I started removing my clothes except the underwear. They beat me up until I could taste my blood. Blood was all over the blindfold. I was dying. That day, they beat me until I lost consciousness. 
I regained consciousness maybe at 6pm and found the doctor working on my wounds, injecting me [with medicine]. They were injecting [me] with six injections every six hours
They started using a pair of pliers and plucked flesh from my thighs [and] everywhere. You have seen the scars everywhere. 

That day I thought I was dying and I thought of denouncing my Ugandan citizenship.
They made me stand in front of a camera, and apologise... Indeed I had to do [it] because I had nothing to do, I was dying.
At this point, western countries intensified pressure to have me produced before court or released.
There is someone who whispered to me that he thought I was going to die. ‘You are really a very strong man, we thought you were going to die but you are still here’. 
The reason they were giving me all this medicine was to produce me in court since the pressure was too much. So by Saturday, the wounds were kind of drying.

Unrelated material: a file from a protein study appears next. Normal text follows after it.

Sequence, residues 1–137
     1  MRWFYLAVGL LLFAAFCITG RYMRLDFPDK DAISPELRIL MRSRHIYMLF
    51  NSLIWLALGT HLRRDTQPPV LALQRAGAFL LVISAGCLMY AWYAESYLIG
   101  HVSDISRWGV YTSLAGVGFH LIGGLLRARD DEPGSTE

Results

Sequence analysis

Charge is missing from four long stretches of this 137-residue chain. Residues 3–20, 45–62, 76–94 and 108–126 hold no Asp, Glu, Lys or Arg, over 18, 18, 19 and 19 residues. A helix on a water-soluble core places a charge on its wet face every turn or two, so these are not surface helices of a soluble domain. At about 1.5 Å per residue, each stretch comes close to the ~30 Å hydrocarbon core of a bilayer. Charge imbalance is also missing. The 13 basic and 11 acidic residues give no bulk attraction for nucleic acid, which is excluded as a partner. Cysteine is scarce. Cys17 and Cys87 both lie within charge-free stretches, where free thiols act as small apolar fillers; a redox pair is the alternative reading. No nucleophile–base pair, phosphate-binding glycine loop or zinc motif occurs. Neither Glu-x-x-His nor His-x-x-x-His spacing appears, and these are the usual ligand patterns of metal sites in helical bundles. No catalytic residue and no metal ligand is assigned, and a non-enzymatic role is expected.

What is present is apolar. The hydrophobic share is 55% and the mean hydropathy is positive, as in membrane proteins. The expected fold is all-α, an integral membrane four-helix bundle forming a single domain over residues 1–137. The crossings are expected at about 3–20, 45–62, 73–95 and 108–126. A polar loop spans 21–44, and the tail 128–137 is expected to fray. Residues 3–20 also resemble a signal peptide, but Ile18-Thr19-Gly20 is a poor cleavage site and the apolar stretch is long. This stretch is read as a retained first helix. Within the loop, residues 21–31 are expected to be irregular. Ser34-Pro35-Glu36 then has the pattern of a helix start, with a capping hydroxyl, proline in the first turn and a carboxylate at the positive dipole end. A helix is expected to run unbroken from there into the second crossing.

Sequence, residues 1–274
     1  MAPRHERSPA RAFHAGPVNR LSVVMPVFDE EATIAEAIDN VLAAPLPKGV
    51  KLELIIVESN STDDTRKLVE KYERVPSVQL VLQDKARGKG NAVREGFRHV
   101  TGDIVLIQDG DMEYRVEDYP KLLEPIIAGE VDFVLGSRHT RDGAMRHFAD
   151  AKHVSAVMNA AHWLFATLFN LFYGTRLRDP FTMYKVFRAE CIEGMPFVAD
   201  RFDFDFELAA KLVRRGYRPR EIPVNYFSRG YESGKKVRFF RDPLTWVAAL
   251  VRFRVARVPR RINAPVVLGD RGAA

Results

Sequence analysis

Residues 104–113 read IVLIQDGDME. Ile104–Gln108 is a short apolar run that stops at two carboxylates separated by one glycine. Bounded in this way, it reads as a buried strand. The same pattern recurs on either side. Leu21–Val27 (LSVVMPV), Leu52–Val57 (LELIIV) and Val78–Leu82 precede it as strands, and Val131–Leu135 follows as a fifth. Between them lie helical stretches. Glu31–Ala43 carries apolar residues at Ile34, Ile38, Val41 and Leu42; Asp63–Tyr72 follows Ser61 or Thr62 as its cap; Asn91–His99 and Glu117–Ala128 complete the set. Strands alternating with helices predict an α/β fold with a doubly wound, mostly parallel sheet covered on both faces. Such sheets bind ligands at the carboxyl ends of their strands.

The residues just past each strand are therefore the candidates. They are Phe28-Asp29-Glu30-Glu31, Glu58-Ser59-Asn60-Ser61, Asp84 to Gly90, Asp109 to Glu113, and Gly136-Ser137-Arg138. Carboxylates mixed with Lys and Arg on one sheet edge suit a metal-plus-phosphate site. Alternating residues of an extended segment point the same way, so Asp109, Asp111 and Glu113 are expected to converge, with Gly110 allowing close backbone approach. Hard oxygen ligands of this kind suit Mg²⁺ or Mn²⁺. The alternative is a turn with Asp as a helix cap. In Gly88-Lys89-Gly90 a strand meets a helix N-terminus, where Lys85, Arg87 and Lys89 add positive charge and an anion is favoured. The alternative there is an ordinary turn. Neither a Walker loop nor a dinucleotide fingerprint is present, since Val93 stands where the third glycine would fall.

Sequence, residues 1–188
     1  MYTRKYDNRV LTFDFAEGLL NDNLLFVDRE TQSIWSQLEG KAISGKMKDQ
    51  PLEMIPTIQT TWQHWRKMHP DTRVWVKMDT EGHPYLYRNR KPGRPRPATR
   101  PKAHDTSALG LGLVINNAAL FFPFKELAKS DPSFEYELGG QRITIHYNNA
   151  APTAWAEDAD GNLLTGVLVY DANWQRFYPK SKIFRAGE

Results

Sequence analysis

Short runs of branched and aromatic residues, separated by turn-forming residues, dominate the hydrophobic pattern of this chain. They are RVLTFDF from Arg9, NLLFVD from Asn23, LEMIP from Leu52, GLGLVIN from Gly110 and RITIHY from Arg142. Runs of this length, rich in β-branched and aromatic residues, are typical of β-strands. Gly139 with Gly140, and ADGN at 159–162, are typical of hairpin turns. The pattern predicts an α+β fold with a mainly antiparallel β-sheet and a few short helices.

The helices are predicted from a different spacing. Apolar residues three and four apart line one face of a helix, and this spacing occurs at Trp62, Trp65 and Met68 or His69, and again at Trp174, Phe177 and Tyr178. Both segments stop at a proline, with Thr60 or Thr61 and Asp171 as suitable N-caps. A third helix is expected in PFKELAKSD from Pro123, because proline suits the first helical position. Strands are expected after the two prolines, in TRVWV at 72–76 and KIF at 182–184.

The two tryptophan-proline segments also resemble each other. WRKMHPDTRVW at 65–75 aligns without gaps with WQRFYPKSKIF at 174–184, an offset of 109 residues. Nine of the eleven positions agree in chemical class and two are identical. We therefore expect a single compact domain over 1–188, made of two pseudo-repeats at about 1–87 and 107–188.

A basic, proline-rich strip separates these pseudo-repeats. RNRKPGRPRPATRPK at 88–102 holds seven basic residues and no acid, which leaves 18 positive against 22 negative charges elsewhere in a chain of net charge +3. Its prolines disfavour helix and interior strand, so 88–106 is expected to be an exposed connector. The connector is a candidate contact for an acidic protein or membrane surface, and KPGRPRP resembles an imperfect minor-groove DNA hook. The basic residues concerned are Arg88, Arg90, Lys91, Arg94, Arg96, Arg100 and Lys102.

On the day he was presented in court, Kakwenza was given new clothes and it was hard to take on face value that he was tortured.

“As I was walking up to the main gate, I saw a double cabin car. I asked my escort where he was taking me as I did not see my lawyer and relatives anywhere. 
He [said] ‘you walk up to the parking’, which was about 400 or 300 meters away and that I would find my lawyers. I had seen the double cabin [pick up] parked at the gate as if it was waiting for me. The number plates were covered, so I  said this is a drone. 
I was limping and had the release court order in my hands and the medicine of course, so when I saw it, I went back to my escort. He said ‘Kakwenza, you are safe. You just walk’. That is when like six people emerged out of a maize plantation. They came running and reached where I was and lifted me
[I was taken to Makindye Military Barracks]. I found that they had already prepared a room for me. A beautiful one though very old and self-contained. 
They brought me a towel, soap, a basin of water, coffee, a tooth brush, and tooth paste. 
They asked what food I want to eat and I told them that I am vegetarian, so they [said] ‘we shall be serving you everything you want’. They told me that ‘they are good people, they don’t torture’.

A doctor came and did a manual examination of my body. Afterwards, he stepped out but I heard him speak on the phone. I don’t know who he was speaking to but he said ‘this man is not fine. You should not keep him here’. I heard him say he is not fine like five times.”
Kakwenza is taken to his Iganga home and cautioned never to tell what he went through.
We had a lead car, military police without number plates and a small vehicle I was put in without number plates. Even the one behind had no number plates, so I was driven up to my home in Iganga. We reached at 3.30am.